KUALA LUMPUR, March 5 — Five cities in Malaysia recorded higher temperatures of between 1.64° Celsius and 6.75° Celsius over the last few decades due to development and changing urban trends, a land temperature study by Think City showed.
Interestingly, the surface temperature in Kuala Lumpur city centre had the lowest increase in temperature compared to Bayan Lepas and George Town in Penang, Ipoh in Perak and Johor Baru in Johor.
The peak temperature increase of only 1.64°C in Kuala Lumpur city centre over a 30-year period between December 1989 and October 2019 was attributed to the efficiency of domestic gardens, parks and woodlands in the city.
Not surprisingly, the hottest areas were around the city centre, Bukit Bintang, Pudu, Chow Kit and Kampung Baru while the least warm were at KL Forest Eco Park, Taman Botani Perdana and public spaces and gardens in Mahameru and KLCC.
Ipoh recorded a peak temperature increase of 6.75°C within a 21-year period between November 1998 and March 2019, the highest temperature increase among the five cities studied.
This was due to an increase in areas with a maximum temperature range — by 245 per cent in 2019 or from 66 km² to 163 km² — that indicated extreme ecological change and urban trends in Ipoh.
Johor Baru (JB) recorded a peak temperature increase of 6.70°C within a shorter period compared to the other cities, at a 13-year period between May 2005 and May 2018.
The study found that there were extensive monoculture activities detected in JB and the city’s rapid gentrification, increased economic corridors and industries contributed to significant temperature rise.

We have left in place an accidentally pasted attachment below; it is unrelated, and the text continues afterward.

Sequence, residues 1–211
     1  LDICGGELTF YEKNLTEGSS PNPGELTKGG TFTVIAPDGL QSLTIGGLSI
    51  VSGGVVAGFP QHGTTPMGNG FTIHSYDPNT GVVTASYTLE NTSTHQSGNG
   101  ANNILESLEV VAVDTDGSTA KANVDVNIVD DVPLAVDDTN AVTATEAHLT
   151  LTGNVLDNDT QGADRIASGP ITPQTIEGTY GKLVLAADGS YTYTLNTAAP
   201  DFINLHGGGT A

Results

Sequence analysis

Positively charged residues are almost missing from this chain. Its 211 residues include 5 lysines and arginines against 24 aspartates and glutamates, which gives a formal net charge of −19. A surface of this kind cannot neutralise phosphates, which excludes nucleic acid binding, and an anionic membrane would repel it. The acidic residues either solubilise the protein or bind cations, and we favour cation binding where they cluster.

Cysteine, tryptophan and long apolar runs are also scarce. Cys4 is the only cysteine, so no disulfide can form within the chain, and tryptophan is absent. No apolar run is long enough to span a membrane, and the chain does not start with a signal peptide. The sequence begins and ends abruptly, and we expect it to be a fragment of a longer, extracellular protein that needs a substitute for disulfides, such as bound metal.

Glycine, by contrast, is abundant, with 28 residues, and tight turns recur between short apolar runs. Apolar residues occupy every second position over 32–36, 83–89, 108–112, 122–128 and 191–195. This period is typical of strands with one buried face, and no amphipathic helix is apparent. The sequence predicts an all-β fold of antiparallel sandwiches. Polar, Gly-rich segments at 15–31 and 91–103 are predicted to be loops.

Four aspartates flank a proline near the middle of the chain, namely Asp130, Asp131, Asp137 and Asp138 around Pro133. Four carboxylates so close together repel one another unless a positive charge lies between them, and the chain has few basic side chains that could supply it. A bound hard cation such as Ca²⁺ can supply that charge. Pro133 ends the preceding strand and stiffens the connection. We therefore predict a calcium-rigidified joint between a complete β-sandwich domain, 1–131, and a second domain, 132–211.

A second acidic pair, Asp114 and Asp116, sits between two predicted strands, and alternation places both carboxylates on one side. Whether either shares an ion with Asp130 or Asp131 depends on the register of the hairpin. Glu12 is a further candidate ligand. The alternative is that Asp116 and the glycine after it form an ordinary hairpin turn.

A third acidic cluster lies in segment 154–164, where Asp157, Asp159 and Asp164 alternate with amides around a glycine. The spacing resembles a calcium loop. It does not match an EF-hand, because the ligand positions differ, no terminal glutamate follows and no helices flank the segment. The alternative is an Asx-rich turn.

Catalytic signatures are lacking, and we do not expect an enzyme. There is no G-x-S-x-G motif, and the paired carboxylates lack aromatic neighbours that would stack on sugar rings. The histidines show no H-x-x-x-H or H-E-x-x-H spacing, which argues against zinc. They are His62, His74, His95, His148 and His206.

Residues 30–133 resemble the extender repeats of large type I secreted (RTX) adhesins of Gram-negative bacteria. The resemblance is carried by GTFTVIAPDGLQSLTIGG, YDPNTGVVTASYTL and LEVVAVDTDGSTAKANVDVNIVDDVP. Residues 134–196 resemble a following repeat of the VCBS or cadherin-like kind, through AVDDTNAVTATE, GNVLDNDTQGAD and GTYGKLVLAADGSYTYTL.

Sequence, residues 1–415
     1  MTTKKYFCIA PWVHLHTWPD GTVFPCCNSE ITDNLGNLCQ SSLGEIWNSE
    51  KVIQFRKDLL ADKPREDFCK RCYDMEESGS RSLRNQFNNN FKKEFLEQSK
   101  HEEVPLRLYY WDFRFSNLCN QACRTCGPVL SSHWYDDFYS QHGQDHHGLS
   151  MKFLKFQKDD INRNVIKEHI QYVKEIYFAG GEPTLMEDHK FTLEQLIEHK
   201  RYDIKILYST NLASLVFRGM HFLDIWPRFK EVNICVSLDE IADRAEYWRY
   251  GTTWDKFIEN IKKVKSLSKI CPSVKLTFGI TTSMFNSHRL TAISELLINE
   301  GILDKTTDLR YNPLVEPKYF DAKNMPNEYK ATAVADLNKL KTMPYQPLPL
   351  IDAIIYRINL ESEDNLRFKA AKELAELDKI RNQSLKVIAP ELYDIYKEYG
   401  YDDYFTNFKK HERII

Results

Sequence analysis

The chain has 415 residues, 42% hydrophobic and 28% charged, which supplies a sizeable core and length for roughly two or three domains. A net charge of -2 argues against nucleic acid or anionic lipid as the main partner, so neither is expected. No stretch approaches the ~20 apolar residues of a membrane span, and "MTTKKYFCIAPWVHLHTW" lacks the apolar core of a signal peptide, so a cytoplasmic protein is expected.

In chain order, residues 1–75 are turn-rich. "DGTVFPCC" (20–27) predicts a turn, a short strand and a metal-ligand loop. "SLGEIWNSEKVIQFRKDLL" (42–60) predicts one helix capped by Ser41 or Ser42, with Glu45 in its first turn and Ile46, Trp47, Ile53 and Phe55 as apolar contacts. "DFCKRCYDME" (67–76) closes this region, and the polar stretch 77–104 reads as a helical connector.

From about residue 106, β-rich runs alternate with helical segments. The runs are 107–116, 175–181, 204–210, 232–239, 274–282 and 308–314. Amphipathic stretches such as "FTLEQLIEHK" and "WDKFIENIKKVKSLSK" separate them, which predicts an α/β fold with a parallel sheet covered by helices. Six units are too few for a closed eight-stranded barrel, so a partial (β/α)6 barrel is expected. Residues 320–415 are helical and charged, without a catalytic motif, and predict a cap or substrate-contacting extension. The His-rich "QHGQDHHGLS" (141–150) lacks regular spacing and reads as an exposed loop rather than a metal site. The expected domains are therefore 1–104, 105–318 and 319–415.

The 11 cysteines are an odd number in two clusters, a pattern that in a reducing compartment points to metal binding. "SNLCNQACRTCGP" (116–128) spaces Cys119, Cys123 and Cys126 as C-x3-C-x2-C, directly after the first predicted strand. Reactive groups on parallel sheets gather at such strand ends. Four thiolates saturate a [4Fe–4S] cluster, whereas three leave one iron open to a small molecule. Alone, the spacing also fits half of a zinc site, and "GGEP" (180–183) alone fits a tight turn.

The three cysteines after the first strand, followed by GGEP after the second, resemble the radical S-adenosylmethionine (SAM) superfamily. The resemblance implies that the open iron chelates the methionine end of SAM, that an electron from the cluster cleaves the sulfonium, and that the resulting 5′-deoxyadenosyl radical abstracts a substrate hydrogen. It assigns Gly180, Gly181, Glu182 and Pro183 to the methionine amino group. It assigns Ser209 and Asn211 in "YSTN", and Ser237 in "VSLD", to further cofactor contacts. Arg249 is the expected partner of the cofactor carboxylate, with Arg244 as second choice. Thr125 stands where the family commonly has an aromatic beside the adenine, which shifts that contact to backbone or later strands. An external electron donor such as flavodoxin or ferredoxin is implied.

It noted that there was significant temperature rise especially in Kawasan Perindustrian Tanjung Langsat and Pasir Gudang where it rose to over 33°C in 2018.
The hottest areas in JB are Seri Purnama and Pasir Gudang which are confluences for many heavy industries such as transportation and logistics, petrochemicals, electronics, and plastics.
The study also found Skudai and Bandar Johor Baru, where many human activities and businesses are concentrated, also recorded higher temperatures.
Meanwhile, over in Penang, the industrial zone of Bayan Lepas saw a peak temperature increase of 5.63°C between February 1988 and February 2020.
The study attributed the temperature increase to the growth of industries and urbanisation in Bayan Lepas and land reclamation in south-east Penang.
“The land reclamation made way for the construction of Malaysia’s first Free Trade Zone aimed at boosting Penang’s competitive edge to grow the economy,” it said.
The hottest areas in Bayan Lepas are the industrial, commercial and residential areas.
Areas such as the Bayan Lepas Free Industrial Zones, Diamond Valley Industrial Park, Bandar Bayan Baru, Bayan Indah, Queensbay Mall and Penang International Airport recorded surface temperatures in the highest range of over 33°C.
The least warm area in the satellite city is an unoccupied and non-operational factory located in Lintang Kampung Jawa.